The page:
Root Pruning: In general, fig trees tend to perform better when their roots are somewhat constricted. Once they are in their largest pot, they need to be root pruned once every three to four years. To do this, take the tree out of the pot and cut one-quarter of the roots away to make a root ball before returning it to a pot of fresh soil. Root pruning should always be should be done while the plant is dormant (has no leaves); either in the early spring or late fall.

Winter Protection

In cold climates, container figs need to be given protection over winter. In late fall, after frost has caused the leaves to drop, move containers into a frost-free unheated garage or shed where they will be protected from the wind. Ideally, the temperature should remain above 20 degrees F, but below 45 degrees. If an unheated and unattached garage is your only option, the tree should be wrapped before storing.

Water the tree very sparingly (a cup or two) every four weeks during winter storage to prevent the root from drying out. A dormant tree does not need light so don't worry about storing it in total darkness. Plants can be moved outdoors once overnight temperatures consistently remain above freezing.

Choosing a Variety

Take care when selecting a fig cultivar for your area. There are varieties that are adapted to perform best in certain regions of the country. Don't rely on national chains and big box garden centers to sell you the right variety for you growing zone. Local nurseries are your best and most reliable source for finding out which types will perform best.

One tree is usually enough to provide figs for the average family. The most common type of fig trees grown by gardeners are Persistent (or Common) figs. These do not need pollination to set crops. Examples of good overall cultivars to consider for cool to cold climates include Brown Turkey, Celeste, Hardy Chicago, LSU Purple, and Violet de Bordeaux.

Tips for Harvesting Figs:

  • Figs are best eaten fresh, but they can also be dried. Wear gloves when picking the fruits or working on the tree. Stems, leaves, and milky sap from the fruit can be irritating to the skin and mucous membranes, so wear glove when picking them.

  • Figs should be allowed to ripen fully on the tree before they are picked. Once they are removed, fruits will not continue to ripen if they are immature.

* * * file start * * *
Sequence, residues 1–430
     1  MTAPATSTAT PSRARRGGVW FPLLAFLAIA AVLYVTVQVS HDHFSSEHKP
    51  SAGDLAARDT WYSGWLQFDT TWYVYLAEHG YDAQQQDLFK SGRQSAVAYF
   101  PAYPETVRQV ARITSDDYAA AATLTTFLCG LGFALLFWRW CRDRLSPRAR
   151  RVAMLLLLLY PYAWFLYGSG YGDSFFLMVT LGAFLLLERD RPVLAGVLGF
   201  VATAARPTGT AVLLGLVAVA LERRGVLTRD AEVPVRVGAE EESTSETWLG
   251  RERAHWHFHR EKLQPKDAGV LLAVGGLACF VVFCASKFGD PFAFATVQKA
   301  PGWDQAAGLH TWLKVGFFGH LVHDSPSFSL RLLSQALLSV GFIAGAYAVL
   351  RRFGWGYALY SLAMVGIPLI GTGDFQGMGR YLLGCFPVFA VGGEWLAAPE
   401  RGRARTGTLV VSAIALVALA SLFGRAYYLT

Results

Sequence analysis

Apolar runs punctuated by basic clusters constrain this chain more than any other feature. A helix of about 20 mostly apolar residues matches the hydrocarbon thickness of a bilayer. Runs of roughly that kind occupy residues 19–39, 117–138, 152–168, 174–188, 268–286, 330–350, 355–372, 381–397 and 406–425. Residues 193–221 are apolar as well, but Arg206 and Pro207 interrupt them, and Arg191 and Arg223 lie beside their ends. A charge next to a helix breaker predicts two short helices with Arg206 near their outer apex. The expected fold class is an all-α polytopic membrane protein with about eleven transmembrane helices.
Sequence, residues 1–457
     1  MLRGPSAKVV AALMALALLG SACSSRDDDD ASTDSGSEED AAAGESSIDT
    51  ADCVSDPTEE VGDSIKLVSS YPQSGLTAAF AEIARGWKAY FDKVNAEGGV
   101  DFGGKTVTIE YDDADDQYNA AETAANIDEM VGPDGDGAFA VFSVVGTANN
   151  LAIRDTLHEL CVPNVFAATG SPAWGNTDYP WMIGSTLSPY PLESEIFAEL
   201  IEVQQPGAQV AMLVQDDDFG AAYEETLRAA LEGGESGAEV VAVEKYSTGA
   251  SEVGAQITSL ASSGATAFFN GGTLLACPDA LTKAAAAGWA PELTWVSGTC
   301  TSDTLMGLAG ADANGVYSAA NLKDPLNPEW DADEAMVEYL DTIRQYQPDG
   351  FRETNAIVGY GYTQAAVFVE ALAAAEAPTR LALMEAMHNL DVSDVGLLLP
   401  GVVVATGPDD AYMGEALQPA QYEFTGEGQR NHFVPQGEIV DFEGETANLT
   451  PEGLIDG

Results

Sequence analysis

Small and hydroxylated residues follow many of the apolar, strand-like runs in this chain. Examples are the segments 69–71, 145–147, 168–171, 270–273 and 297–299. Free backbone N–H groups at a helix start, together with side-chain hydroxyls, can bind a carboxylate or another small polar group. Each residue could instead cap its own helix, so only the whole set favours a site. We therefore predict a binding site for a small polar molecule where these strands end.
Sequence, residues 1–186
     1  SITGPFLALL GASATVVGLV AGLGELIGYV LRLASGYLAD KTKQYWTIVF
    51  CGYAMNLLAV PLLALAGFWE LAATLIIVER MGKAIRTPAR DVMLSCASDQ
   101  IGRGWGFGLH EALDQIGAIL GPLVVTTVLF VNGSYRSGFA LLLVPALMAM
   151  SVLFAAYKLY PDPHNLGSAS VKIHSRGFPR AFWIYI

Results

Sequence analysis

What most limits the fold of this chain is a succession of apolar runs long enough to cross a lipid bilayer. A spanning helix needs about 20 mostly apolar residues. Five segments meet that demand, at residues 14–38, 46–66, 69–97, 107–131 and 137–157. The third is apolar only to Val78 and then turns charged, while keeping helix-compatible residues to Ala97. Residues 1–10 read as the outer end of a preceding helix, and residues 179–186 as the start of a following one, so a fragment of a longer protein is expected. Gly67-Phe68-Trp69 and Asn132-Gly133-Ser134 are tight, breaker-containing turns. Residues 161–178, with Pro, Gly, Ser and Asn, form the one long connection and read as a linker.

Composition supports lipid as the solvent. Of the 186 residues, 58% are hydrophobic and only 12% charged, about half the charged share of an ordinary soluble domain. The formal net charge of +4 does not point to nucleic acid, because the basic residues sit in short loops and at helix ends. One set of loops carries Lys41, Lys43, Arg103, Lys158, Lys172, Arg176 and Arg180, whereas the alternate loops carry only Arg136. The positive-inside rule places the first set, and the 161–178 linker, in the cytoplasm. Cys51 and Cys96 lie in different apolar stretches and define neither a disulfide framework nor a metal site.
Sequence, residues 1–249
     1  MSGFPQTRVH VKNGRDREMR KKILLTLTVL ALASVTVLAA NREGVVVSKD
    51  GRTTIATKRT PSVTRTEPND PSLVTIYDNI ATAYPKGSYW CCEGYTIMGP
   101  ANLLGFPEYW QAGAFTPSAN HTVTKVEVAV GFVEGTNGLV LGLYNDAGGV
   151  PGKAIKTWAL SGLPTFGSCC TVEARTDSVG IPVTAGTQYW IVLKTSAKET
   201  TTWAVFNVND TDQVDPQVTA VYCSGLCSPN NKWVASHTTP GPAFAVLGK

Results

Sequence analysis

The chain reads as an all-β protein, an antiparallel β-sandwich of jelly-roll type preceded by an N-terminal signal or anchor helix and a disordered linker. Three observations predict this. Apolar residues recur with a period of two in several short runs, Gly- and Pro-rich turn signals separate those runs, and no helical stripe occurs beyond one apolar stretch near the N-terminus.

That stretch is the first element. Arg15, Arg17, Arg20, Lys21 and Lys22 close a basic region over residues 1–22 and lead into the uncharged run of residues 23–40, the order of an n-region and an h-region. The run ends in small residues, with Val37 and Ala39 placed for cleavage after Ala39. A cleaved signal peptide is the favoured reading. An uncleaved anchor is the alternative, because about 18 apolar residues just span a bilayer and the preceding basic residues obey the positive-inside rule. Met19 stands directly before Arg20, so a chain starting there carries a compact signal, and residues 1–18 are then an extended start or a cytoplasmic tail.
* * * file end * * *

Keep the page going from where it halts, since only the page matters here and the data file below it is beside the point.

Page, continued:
• Ripe figs are soft to the touch. If a fruit doesn't break off easily when you bend it toward the branch, leave it on to ripen for a few more days.

  • Fresh figs do not keep very long, so harvest them gently to avoid bruising. Store them in the refrigerator for 2-3 days.

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I have a fig tree that is approximately 6 years old. Every year I expect it to produce fruit, but have not had any luck at this point. Should I have at least two fig trees? Is there a chemical I should be adding to the soil? I have the tree in a large container and it gets 7 to 8 hours of sun each day. In the winter I take the container to my garage (temperature ranges from 30 to 60 degrees). I introduce the plant to the outside in late March or or early spring. Any suggestions?


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First you didn't say where you live but I gather it is up north or what kind of fig it? I grow 3 different kinds of figs but I live in South Georgia. I grow some in containers also as I have to move some of them to the sunny areas as the year progresses.

Sounds like you need to put a large pan at least 4 inches deep with water in it and put your fig tree in there in the spring. I also put Epsom salt around mine to make it put on fruit. Needs more fertilizing in a pot but in small amounts regularly. Good luck.

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Fig tree are male or female and only a female fig tree will give edible fruits. You should try to identify your tree and check if it is possible to graft fig trees in case your tree is a male fig tree.